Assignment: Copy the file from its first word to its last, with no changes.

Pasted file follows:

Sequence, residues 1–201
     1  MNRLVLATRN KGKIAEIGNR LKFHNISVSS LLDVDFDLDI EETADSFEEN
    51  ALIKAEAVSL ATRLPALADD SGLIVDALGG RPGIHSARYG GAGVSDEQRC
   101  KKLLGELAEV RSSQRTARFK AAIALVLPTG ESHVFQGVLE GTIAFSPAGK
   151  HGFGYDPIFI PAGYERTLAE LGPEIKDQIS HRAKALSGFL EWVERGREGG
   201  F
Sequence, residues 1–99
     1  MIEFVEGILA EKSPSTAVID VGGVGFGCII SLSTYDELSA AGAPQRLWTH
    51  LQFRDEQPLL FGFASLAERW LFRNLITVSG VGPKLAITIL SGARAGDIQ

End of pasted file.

Sequence, residues 1–201
     1  MNRLVLATRN KGKIAEIGNR LKFHNISVSS LLDVDFDLDI EETADSFEEN
    51  ALIKAEAVSL ATRLPALADD SGLIVDALGG RPGIHSARYG GAGVSDEQRC
   101  KKLLGELAEV RSSQRTARFK AAIALVLPTG ESHVFQGVLE GTIAFSPAGK
   151  HGFGYDPIFI PAGYERTLAE LGPEIKDQIS HRAKALSGFL EWVERGREGG
   201  F
Sequence, residues 1–99
     1  MIEFVEGILA EKSPSTAVID VGGVGFGCII SLSTYDELSA AGAPQRLWTH
    51  LQFRDEQPLL FGFASLAERW LFRNLITVSG VGPKLAITIL SGARAGDIQ